There was an omission in the fine paper ‘Seabirds on Lundy’ (Brit. Birds 104: 139-158) when describing the fortunes of the former Northern Gannet Morus bassanus colony on the island. In 1938, the then owner of the island, Martin Coles Harman, sought the co-operation of R. M. Lockley, then resident on Skokholm, to obtain Gannet eggs from Grassholm. Grassholm had been purchased in 1937 by Harman for his son John, who was killed in April 1944 during the siege of Kohima, Nagaland, India, his actions resulting in the posthumous award of the Victoria Cross.
Martin Harman, in a letter of 11th January 1939 to James Fisher, then Honorary Treasurer of the BTO, described how ‘Lockley, good fellow, sent me twenty Gannet eggs by arrangement, and will do the same next year.’ These were placed into the nests of Great Cormorants Phalacrocorax carbo. Although the eggs arrived rather late, Harman reports in the same letter that he later saw what he believed to be two young Gannets, and although others confirmed that view, he remained uncertain. He concluded his letter by saying ‘in 1939 we will try to be a little more scientific. I am quite set upon re-introducing gannets.’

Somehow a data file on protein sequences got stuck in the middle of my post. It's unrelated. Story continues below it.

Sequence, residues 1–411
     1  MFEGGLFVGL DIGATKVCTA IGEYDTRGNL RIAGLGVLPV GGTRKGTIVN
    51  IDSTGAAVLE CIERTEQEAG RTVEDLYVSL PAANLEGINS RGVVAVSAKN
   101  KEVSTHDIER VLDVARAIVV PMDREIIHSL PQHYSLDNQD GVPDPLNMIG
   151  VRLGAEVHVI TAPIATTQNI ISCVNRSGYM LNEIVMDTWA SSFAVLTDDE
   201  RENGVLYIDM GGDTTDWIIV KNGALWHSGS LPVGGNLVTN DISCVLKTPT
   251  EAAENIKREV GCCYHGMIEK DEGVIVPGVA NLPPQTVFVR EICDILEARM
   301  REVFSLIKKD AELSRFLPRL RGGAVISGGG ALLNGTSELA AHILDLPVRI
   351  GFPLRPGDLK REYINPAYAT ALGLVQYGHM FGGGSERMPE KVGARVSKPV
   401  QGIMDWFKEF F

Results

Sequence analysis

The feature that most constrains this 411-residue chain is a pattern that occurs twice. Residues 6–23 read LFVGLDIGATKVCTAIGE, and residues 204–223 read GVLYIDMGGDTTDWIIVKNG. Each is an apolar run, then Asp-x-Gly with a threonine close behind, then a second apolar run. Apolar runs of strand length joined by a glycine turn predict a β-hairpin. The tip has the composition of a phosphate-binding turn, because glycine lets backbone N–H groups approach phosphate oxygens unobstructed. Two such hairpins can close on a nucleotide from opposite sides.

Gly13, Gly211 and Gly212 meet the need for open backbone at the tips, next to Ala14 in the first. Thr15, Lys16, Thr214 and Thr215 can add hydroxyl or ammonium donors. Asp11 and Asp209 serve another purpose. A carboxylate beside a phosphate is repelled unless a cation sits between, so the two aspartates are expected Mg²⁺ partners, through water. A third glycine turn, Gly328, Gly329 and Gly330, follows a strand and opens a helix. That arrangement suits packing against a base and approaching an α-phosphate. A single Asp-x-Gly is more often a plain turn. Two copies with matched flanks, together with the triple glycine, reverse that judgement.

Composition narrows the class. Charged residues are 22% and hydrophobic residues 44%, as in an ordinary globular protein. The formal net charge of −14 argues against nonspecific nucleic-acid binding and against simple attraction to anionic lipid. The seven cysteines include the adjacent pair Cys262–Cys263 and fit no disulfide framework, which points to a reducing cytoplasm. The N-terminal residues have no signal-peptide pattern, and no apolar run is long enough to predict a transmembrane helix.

In 1939 there was a second attempt. Martin Harman reported that the scheme was a complete failure, the Cormorants ‘having for the most part thrown out the eggs or deserted them’ (Fisher & Vevers 1943). The outbreak of the Second World War put paid to any further plans to continue these efforts.
Reference Fisher, J., & Vevers, H. G. 1943. The breeding distribution, history and population of the North Atlantic Gannet (Sula bassana). J. Anim. Ecol. 12: 173-213.
David Saunders, School House, 75 Laws Street, Pembroke Dock, SA72 6DQ; e-mail firstname.lastname@example.org